One of my photos

What I did on my holidays – Wednesday morning

August 26th, 2006 · Posted by Skuds in Life · 2 Comments · Life

Wednesday morning I was woken by torrential rain. Having no clock or watch in the sleeping part of the tent I got up and Jayne and I sat outside under the gazebo and had a coffee, wondering if it would ever stop raining. Then we dug out a watch and found out that it was about 4:30 am and decided to try sleeping again…

When we got up properly it was still more than a little damp and after breakfast we headed off to Kimmeridge Bay, only about 6 miles away.

Being more optimistic than us the kids put their swimmers in the car just in case, but when we reached Kimmeridge it was still overcast.

Kimmeridge Bay is an amazing place, which I still remember vividly from a school geography field trip. The cliffs are made of shale in fine layers which crumble at the touch. Fingers of rock extend into the bay which enabled Charlie and Chrystal to walk out about 100 metres into the sea.

While they were doing that I wandered along the bottom of the cliffs, keeping an eye out for fossils which are supposed to be plentiful there. As I walked it started to drizzle and I was able to get some shelter from the cliffs. Then the rain started coming from seawards and there was no shelter at all. I then noticed that tiny pieces of shale were tumbling from the cliffs and thought that maybe loitering near the overhang was not such a good idea.

As the rain persisted, all the more sensible people headed for their cars, leaving me totally alone in the bay, battered by the wind and rain, watching erosion taking place before my very eyes.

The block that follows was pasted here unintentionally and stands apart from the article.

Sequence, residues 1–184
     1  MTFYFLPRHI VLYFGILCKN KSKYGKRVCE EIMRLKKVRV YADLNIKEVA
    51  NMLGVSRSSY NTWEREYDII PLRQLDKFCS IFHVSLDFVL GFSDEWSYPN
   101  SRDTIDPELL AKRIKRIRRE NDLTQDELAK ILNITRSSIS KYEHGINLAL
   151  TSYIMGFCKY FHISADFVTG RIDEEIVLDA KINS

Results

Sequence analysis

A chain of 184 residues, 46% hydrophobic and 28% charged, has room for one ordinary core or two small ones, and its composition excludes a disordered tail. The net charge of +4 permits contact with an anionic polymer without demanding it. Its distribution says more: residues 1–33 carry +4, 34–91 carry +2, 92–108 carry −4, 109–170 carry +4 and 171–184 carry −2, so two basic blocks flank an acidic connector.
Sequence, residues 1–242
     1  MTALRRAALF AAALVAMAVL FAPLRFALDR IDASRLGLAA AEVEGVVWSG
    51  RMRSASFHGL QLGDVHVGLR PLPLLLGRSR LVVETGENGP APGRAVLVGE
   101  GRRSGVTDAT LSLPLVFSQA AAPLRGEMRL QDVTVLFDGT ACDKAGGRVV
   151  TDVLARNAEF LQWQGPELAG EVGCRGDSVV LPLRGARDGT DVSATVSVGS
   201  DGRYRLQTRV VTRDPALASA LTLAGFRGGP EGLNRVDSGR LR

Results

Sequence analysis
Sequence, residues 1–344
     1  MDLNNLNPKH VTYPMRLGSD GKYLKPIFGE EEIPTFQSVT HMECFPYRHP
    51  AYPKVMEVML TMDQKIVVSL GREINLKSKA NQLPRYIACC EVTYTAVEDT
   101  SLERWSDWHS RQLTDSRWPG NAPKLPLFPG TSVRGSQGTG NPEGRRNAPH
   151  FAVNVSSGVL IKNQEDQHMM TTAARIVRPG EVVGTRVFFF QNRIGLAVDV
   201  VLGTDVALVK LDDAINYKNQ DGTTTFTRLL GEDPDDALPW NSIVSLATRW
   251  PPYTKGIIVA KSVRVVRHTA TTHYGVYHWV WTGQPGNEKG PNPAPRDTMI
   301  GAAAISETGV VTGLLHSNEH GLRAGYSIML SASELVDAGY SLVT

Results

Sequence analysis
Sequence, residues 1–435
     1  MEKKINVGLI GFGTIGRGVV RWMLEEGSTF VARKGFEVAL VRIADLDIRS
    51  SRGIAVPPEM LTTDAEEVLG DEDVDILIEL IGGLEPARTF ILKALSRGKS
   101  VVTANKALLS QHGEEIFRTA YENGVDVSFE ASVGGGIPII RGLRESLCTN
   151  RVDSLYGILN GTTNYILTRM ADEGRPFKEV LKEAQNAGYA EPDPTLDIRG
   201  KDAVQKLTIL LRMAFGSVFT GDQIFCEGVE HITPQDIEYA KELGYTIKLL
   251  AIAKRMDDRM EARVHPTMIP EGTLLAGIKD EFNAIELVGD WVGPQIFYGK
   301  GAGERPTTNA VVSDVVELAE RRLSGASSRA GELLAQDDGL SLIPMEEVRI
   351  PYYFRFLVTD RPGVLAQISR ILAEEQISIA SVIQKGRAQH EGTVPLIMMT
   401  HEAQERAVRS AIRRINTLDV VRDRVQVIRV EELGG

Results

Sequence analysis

It was remarkable to see that. Erosion is always explained as such a long, slow process, with the seas taking hundreds of years to wear down that its a surprise to see it in real time. With such erosion being caused by a light drizzle and medium wind I do wonder how many centimetres of cliff are lost in a year.

Access to Kimmeridge Bay is via a private road with a toll – £3 for a car. On the back of the ticket are some warnings/instructions. One of them is that it is OK to remove large fossils from the beach, but hammers are not to be used. Seeing the cliffs literally crumbling on their own I could see why such a rule makes sense.

I did not find any large fossils to take away, but I did find a few small ones – actually fragments of fossil but still recognisable as fossil ammonites (I think). The Natural History Museum is not going to be asking for my little bits of rock any time soon, but I am still awestruck by them. Just the thought that this animal was swimming around anywhere up to 200 million years ago and then lay in the rocks all that time until I found it.

According to Stephen Jay Gould the area around Kimmeridge is one of the best places in the world to see evidence to support the theory of punctuated evolution, if I remember rightly. I can’t say that my brief amateur attempt at fossil hunting did anything of the sort, but I am still ridiculously pleased with my meagre little fragments.

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2 Comments so far ↓

  • Jane Skudder

    You could try Richard Fortey, Trilobite! for more information. The exclamation mark is in the title, honest.

  • Skuds

    Despite having half a dozen of Gould’s books, I don’t actually have the one about this – I think it is Wonderful Life. I’ll probably try that first.